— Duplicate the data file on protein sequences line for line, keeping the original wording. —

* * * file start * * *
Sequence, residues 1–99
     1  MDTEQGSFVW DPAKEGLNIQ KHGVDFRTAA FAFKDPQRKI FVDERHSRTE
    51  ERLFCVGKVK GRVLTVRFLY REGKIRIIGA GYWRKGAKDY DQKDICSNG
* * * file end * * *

Sequence, residues 1–99
     1  MDTEQGSFVW DPAKEGLNIQ KHGVDFRTAA FAFKDPQRKI FVDERHSRTE
    51  ERLFCVGKVK GRVLTVRFLY REGKIRIIGA GYWRKGAKDY DQKDICSNG